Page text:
The Student and Exchange Visitor Program (SEVP) has provided schools with flexibility to offer online/remote instruction during the COVID-19 emergency. ISSO has and will continue to follow all guidance on reporting changes in the method of instruction as required by SEVP. ISSO sent an e-mail to all students on Wednesday, April 8 with details about how students may be affected by these changes. Additionally, please review the scenarios below and contact your ISSO advisor with specific questions:
- Continuing F-1 students registered for the Fall semester are allowed to take summer as a vacation period so you can opt to take classes (or not) during this time if you wish.
- Students planning on graduating September 25, 2020 will need to be registered during the summer for final academic requirements. If you are registered for less than 12 credits or part-time, you will need to work with your ISSO advisor in the beginning of the summer to obtain permission for a reduced course load in final semester.
Newly admitted students who are outside of the US looking to begin a program in the summer will need to defer their admission and postpone plans to enter the US and begin studies after BU can resume full-time in-person instruction on campus. Students returning from a Leave of Absence may be able to enroll in remote courses over the summer, but will receive an updated I-20 with a Fall semester start date so they can resume on-campus studies once BU returns to in-person instruction.
If I leave the US now and will not return until Fall, how will the 5 month rule affect my SEVIS record?
Generally, any absence from the US of 5 months or more that is unconnected to a student’s full-time studies would require ISSO to end your current SEVIS record. Fortunately, SEVP recently announced that during the COVID-19 pandemic, the 5 month temporary absence rule will not apply to students with active SEVIS records.
This means that BU can keep your current SEVIS record active and you do not need to worry if you will be outside of the US for more than 5 months during this time. This temporary provision applies to students who were unable to return to BU for the start of the Spring semester, students who left US during the spring semester but will be outside of the US for more than 5 months before you return for fall as well as students on OPT who are working remotely for their employer from outside of the US during this time.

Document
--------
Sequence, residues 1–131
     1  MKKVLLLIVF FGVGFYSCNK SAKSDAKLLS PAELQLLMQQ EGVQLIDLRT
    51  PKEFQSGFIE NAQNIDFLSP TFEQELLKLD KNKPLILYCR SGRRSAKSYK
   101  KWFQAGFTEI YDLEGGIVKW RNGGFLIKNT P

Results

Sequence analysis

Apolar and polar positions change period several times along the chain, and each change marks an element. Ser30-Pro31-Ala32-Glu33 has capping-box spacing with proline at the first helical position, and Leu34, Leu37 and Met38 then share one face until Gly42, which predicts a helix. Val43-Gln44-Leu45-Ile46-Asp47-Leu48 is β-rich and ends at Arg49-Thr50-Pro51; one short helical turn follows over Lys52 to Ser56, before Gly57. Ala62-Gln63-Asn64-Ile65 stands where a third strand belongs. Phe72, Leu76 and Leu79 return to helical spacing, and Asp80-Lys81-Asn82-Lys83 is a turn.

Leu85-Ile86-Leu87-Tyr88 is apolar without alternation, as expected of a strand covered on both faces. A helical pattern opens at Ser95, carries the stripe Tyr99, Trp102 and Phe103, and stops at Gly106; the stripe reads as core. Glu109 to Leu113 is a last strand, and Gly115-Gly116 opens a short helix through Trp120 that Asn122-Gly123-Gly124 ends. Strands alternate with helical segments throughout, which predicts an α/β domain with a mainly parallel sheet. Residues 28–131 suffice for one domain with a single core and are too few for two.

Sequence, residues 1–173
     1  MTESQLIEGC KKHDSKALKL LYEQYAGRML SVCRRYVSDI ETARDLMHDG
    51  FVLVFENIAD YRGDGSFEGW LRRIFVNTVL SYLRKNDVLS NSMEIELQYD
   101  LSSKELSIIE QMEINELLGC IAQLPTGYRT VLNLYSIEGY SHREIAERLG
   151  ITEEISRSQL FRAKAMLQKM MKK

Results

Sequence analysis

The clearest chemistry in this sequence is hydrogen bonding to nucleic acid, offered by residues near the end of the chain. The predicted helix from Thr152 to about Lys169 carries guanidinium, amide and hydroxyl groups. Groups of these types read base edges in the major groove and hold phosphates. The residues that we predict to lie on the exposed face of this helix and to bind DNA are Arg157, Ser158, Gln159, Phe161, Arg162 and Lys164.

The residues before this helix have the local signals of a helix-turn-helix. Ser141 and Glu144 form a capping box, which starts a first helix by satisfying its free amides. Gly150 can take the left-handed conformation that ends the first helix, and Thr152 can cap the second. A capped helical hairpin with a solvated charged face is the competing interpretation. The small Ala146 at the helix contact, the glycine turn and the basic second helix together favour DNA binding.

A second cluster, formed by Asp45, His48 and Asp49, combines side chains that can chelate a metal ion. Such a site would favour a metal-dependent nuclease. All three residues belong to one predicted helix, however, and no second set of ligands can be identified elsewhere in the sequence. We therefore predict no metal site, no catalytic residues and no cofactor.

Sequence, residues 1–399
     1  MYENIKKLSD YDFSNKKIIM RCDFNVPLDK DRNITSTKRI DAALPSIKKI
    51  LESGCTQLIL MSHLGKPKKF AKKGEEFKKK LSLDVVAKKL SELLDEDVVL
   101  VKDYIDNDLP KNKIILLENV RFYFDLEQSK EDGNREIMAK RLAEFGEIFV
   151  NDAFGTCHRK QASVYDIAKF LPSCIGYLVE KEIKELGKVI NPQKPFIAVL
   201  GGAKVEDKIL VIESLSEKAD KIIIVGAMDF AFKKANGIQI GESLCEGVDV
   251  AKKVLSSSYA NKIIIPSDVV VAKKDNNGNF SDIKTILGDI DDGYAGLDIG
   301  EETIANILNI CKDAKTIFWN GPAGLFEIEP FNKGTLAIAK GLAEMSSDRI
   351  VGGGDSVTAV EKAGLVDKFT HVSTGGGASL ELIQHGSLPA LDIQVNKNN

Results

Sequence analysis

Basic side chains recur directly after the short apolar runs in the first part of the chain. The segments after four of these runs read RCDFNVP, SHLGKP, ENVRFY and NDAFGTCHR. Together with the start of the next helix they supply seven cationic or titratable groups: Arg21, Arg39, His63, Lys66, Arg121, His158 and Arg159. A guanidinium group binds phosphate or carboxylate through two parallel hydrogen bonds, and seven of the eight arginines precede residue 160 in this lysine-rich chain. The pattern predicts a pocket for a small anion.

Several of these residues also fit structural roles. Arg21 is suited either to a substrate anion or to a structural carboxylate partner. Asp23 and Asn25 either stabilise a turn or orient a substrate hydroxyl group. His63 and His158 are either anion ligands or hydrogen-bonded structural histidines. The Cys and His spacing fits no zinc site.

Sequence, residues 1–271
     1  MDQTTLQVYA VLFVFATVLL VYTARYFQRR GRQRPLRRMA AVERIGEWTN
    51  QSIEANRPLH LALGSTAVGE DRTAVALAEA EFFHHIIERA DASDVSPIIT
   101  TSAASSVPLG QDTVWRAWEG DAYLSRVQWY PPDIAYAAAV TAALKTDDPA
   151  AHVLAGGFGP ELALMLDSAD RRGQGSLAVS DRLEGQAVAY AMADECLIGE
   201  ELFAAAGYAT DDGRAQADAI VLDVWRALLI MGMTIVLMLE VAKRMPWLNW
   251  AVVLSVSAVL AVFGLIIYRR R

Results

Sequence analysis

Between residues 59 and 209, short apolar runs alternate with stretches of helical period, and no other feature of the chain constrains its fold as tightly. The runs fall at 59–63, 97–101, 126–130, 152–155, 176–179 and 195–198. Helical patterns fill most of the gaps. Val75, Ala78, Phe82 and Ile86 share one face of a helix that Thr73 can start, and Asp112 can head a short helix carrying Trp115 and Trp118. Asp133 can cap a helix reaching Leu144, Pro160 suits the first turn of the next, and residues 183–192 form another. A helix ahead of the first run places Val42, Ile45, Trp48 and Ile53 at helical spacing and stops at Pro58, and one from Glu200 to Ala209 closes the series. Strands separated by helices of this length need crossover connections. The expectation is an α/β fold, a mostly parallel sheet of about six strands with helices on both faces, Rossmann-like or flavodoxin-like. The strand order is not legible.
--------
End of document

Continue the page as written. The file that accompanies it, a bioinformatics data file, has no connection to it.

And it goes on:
Please make sure you have the proper documentation to return to the US when classes resume (valid passport, valid F-1 visa and I-20 with travel signature on P. 2 that was signed within 12 months of the day you plan to reenter the United States). If you have a travel signature on P. 2 of your most recent I-20 that will be more than 12 months old when you plan to return for Fall 2020, please contact your ISSO advisor by e-mail to request that they mail an updated I-20 to your address in your home country. If your F-1 visa will expire before you intend to return to the United States, you should plan to apply for a new visa prior to your return.
Can nonimmigrant students participate in online classes from outside the U.S. and still maintain their nonimmigrant status?
Yes, nonimmigrant students can temporarily engage in distance-learning, either from within the U.S. or outside the country, in light of COVID-19. SEVP will provide updated guidance as additional information concerning the scope and length of this situation becomes clearer. More information can be found here, PDF
How does COVID19 impact me if I am a student on post-completion Optional Practical Training (OPT) or STEM OPT?
Recent graduates on OPT and STEM OPT should continue to report address and employment locations. We are hoping to receive further clarification from USDHS and SEVP in the event that they will make any temporary accommodations and record keeping requirements during this time. Please email your advisor with specific questions regarding maintaining status or reporting requirements during this time.
How ISSO Can Help
- We are here to help.
- As of March 17th, ISSO has moved to remote services but we will remain available to assist students (unless the university officially closes the campus). You can find our Menu of Remote Services here.
- We will continue to help you navigate the risk associated with travel during this time
- We will continue to update our web resources regarding travel and immigration
- We will notify you when we receive additional guidance from SEVP/USDHS regarding other possible exceptions to regulations that might modify immigration options
- If you decide to depart the US, we can verify your valid SEVIS record, advise you on the immigration documentation you will need to return and make sure you have a valid travel signature
- Check out the ISSO Current Travel Advisory
- Keep up with the latest immigration news in ISSO’s News section
- Learn more about BU’s return to on-campus activities at the Back2BU portal
- Refer to the list of campus resources at BU COVID19 page to follow up with the appropriate BU office with health, academic, housing, financial or other non-immigration-related questions